Wearing Two Hats

Janice LaMotta

Curator will share her own paintings

Over the five years that Janice La Motta served as executive director of the Woodstock Artists Association & Museum, she set aside her own work. 

“I hadn’t given myself the time to be in the studio, but I was constantly thinking about it,” she says.

La Motta has long juggled making art with overseeing spaces that hold it. Before her job in Woodstock, she spent 18 years at the helm of the Paesaggio Gallery (later La Motta Fine Art) in West Hartford, Connecticut, a position that she says helped her “understand the wearing of the artist’s hat and allowed me to be more sympathetic and compassionate about understanding their talents. I embraced the two [roles] and applied one to another.” 

Now it’s her turn to be the artist: An exhibit of her work, A New Path to the Waterfall, opens Feb. 5 at the Garrison Art Center. 

Two years ago, amid the pandemic shutdown, La Motta was inspired to leave her job in Woodstock and dive back into creating art by “Of Power and Time,” an essay on the creative process by Mary Oliver. 

“Work poured out of me; it has been gestating for four-plus years while I was otherwise engaged,” she says. 

The Garrison show will showcase the results of that pent-up energy. “At a certain age, you are more reflective and want to give attention to the things you value; as you get older, you’re more inclined to do that. This work happened because I gave it power.”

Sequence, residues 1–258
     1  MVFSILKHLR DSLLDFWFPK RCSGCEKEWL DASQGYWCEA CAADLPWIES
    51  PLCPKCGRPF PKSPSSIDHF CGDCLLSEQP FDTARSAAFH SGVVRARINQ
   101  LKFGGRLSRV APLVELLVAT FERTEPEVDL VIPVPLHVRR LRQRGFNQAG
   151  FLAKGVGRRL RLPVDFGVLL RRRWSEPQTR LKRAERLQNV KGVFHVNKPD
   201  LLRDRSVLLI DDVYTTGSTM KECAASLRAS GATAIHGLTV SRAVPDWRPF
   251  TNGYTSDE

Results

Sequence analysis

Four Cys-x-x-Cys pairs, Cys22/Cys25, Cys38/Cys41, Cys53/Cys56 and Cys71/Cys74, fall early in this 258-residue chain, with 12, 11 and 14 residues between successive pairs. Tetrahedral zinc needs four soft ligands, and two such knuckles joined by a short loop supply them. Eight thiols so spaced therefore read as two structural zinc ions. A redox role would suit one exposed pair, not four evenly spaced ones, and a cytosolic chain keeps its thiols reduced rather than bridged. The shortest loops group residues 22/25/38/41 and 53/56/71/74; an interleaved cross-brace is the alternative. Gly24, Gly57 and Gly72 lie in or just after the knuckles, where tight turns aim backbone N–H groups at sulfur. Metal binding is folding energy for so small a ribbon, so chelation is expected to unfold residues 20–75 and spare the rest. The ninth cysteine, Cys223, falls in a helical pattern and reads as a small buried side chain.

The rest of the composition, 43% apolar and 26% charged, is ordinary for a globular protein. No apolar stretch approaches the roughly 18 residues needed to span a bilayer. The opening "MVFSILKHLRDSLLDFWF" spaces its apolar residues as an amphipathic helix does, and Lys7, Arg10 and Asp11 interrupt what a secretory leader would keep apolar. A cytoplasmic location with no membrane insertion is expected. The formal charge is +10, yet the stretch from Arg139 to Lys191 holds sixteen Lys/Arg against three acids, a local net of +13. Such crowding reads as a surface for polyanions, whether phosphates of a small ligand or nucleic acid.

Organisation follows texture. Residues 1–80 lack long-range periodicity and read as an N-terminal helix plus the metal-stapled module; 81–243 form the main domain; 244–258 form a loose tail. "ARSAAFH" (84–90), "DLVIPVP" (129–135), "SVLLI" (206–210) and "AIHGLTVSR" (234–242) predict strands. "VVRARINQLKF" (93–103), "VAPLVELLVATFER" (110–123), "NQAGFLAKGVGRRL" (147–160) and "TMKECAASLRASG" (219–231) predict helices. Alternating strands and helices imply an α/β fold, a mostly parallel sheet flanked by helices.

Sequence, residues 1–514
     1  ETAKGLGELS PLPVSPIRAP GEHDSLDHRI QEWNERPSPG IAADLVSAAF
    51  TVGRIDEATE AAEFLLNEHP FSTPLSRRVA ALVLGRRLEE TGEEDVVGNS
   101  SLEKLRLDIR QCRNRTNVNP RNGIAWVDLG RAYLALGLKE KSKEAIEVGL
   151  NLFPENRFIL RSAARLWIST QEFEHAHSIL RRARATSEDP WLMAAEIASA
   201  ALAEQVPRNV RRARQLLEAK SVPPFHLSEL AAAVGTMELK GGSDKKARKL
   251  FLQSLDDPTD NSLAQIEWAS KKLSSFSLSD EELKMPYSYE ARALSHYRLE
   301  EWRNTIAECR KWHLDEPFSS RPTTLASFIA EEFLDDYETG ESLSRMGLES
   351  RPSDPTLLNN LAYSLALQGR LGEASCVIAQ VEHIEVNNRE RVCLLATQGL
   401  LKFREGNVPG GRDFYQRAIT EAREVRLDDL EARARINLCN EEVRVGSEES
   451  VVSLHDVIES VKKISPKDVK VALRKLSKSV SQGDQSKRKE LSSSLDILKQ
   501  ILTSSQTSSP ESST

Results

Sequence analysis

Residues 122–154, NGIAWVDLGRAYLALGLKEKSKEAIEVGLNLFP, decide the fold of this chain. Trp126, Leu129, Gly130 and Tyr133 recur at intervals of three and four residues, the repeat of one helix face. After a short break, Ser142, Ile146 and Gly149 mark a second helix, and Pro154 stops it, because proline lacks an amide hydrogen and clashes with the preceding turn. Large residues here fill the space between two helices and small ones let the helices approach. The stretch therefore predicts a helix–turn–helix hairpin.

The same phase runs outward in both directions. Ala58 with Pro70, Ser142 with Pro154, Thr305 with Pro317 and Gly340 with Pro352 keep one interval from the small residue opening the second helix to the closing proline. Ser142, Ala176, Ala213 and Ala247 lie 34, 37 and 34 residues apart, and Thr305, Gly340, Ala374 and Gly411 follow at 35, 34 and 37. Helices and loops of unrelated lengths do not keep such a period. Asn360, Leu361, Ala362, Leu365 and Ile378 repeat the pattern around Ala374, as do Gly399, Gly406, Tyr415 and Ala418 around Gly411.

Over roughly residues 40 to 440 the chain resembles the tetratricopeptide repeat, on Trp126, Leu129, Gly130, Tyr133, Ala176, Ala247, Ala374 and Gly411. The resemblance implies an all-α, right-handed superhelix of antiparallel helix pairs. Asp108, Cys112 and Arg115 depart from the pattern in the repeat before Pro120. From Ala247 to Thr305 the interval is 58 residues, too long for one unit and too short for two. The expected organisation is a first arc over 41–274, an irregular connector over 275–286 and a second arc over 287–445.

The work proved to be quite different from La Motta’s earlier pieces. “I worked figuratively, previously,” she explains. “It served as armature for emotional content. After reading the essay, I started mucking around and, from left field, a bolt of lightning struck. I made one piece, then another. 

“Your work can come from strange and disparate places,” she says. “For me, right now, I care about the painting process informing the creation of the piece. Everything I’m absorbing through walking through the world is in there in subtle and obvious ways. I want to push that idea, or I want to work with this shape; let’s try making them on rolls of Yupo paper.”

La Motta says she studied studio art in college and “had no thoughts to a specific career. In fact, I didn’t take any painting classes. It was the tail end of the conceptual art period, so I got involved in mediums like video, a little bit of film. There weren’t programs for curatorial studies or arts administration; everything was approached from the perspective of an artist.”

She feels fortunate that she can “move easily between both hemispheres of my brain: the creative side and the analytical side. As a curator, I try to be sympathetic to artists’ voices, but it’s also helpful for an artist to use the opportunity of seeing how someone else is reading their work.

“It will be interesting to me to see how this show reads, especially working now with an abstract vocabulary,” La Motta says. “We tend to look at visual art in a narrative way, but what a painting is about is the process of how it emerges. I’m sure I’ll see things, once the show is up, differently than how they look in the studio. Paint isn’t finite; exciting pieces can be unresolved. I like the tension of the mystery of it.”

The Garrison Art Center, at 23 Garrison’s Landing, is open 10 a.m. to 5 p.m. Tuesday to Sunday. See garrisonartcenter.org. A New Path to the Waterfall continues through March 6, along with an exhibit of works by Patricia Zarate titled All Together Now. 

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